Indigenous-Owned Howah Holdings Vying For Coveted Manitoba Cannabis Retail Licence

Article by Johnstone, Lift News

Indigenous-owned Howah Holdings vying for coveted Manitoba cannabis retail licence “...First Nations are not going to be left out of the cannabis industry,” says Howah’s Terrance Nelson

Manitoba will have both public and private retail sales outlets when cannabis is legalized this summer. But with hundreds of applicants for just four master licences for private retailers, the competition is fierce for companies aiming to secure a foothold in the market.

Howah Holdings is one such applicant. An Indigenous-owned corporation, Howah’s senior team hopes that securing a retail licence will grow economic opportunities for Manitoba’s First Nations communities.

The company is headed by members of multiple First Nations in the Manitoba region. Key team members hail from the Sagkeeng First Nation and Peguis First Nation, the company chairperson is a member of the Tseshaht First Nation, and Howah’s CEO, Sam Anderson, is a member of the Dauphin River First Nation who served with the RCMP for 25 years, most recently as the RCMP’s ambassador for aboriginal policing nationally. Howah’s chair, Chauntel Watts, is a member of the Tseshaht First Nation, and her background is in behavioural sciences and cannabis research. She’s focused on the healing properties of plants and aims to preserve the authenticity of First Nations culture.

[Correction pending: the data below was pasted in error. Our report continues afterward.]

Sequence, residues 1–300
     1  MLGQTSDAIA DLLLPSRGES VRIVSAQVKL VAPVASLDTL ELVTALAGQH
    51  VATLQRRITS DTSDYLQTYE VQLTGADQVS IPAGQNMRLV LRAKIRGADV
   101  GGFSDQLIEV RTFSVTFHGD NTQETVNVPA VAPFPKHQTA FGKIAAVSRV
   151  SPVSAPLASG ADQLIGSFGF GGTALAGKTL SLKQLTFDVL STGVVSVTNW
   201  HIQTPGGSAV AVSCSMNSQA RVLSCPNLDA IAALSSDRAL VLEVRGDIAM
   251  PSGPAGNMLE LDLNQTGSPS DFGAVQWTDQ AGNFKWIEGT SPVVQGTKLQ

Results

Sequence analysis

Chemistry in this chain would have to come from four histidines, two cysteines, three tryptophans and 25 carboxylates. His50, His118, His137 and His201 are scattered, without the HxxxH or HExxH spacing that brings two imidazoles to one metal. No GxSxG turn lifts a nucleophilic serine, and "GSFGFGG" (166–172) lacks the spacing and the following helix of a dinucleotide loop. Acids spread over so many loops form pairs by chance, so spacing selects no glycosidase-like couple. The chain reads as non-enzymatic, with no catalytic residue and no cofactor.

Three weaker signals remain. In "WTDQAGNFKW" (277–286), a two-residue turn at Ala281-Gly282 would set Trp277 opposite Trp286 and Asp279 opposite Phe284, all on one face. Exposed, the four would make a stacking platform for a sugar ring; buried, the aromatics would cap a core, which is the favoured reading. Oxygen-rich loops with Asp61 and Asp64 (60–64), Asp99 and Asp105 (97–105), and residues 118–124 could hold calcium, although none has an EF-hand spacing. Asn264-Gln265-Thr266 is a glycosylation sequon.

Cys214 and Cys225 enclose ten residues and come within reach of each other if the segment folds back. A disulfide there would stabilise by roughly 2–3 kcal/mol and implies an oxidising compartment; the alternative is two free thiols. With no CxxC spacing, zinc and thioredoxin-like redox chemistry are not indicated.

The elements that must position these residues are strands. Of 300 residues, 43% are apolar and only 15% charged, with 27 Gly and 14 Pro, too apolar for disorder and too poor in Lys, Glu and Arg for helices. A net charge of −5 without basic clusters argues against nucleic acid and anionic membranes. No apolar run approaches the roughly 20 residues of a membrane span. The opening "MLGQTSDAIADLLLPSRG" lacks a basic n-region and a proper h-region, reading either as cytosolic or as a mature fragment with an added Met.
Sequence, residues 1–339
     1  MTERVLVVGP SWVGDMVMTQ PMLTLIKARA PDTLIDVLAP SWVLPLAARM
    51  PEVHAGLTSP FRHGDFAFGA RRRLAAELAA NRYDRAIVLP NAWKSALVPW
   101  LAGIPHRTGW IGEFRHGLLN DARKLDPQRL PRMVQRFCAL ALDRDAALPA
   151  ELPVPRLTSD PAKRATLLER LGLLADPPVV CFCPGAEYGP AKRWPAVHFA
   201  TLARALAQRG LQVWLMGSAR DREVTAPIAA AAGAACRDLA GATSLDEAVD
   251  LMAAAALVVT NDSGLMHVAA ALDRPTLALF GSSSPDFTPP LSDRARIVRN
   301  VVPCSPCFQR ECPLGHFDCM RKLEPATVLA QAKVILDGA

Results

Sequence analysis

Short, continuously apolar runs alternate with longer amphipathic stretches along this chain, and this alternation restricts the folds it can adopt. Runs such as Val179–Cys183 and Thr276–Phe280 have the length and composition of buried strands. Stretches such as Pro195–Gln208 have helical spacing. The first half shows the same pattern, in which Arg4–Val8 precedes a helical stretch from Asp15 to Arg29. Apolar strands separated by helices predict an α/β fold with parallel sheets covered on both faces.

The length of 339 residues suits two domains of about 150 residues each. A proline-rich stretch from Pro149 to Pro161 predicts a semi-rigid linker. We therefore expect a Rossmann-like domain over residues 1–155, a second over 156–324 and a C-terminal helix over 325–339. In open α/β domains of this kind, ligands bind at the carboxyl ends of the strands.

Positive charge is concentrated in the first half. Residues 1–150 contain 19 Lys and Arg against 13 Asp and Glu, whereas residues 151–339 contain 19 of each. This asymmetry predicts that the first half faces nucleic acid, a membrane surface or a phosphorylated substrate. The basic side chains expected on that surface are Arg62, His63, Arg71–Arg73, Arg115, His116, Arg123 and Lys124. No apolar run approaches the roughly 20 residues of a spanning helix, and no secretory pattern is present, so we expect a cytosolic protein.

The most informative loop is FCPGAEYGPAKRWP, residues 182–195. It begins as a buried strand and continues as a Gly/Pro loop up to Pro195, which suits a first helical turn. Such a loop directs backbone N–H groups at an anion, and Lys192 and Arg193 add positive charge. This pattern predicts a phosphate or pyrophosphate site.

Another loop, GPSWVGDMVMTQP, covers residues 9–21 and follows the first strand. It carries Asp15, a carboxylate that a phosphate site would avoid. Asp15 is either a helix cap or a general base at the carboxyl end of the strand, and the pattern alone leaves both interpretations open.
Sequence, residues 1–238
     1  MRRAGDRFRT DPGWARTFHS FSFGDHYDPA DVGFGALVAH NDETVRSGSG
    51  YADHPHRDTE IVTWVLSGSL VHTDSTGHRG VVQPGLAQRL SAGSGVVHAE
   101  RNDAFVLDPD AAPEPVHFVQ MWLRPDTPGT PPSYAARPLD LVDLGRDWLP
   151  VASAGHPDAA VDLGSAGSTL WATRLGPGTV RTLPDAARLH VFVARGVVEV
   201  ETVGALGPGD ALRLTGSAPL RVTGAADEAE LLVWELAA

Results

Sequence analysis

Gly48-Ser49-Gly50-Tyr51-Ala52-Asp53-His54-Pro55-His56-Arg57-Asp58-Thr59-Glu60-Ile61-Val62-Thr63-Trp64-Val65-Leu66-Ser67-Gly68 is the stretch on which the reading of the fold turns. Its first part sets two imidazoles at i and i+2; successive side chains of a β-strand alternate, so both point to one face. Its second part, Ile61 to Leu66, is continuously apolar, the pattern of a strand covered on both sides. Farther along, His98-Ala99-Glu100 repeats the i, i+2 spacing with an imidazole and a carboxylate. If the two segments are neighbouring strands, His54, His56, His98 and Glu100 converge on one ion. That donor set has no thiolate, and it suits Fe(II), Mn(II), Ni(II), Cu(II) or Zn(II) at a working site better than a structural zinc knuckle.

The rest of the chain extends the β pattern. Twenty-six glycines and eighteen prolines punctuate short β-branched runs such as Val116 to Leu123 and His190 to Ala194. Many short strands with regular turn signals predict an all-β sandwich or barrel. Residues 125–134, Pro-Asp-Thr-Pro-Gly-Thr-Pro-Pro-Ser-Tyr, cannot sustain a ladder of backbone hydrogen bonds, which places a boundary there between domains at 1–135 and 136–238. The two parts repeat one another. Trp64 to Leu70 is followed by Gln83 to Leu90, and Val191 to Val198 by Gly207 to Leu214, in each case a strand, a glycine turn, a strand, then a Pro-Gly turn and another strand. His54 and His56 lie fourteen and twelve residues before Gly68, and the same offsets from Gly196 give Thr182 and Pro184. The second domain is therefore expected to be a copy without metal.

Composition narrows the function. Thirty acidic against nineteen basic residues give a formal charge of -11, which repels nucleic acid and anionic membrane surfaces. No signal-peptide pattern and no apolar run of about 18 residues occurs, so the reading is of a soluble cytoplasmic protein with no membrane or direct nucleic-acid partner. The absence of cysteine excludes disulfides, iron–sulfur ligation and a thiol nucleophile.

Business planner Neil Whitesell is a member of Sagkeeng First Nation, and commercial real estate broker Cheryl Kretzmann is a member of the Peguis First Nation. Advisor to Howah is Terrance Nelson, former 5-term Chief of Roseau River Anishinabe First Nation, and former Grand Chief of the Southern Chiefs’ Organization.

“In Saskatchewan the approach is a little bit more open than Manitoba in terms of First Nations getting involved and licensing themselves,” Nelson told Lift. In Saskatchewan, so far three First Nations communities are eligible for private retail licences, and some First Nations groups have taken action to license themselves. “But in Manitoba, it’s more of a liquor-licensing type of approach.”

Nelson pointed the Liquor and Gaming Authority of Manitoba, which he said wasn’t able to fairly include Indigenous communities in the casino gaming industry. In October of 2017, the Assembly of Manitoba Chiefs filed a $1 billion lawsuit against Manitoba’s provincial government, alleging that approval for casinos in populated areas such as Winnipeg were given only to non-First Nation owners, while licensing for First Nations casinos was relegated to more remote areas.

“We’ve got a lot of things that we need to move ahead on,” said Nelson, “and one thing I can tell you very clearly is that First Nations are not going to be left out of the cannabis industry.”

Corporate citizenship and social responsibility

The company’s management team professes having community-centric values, providing integrated programs to educate and encourage responsible cannabis use.

“We want to ensure security and safety, and be involved in the community outreach and social responsibility components as cannabis is legalized,” said Howah’s managing director, Warren Cudney.

Read full article here.

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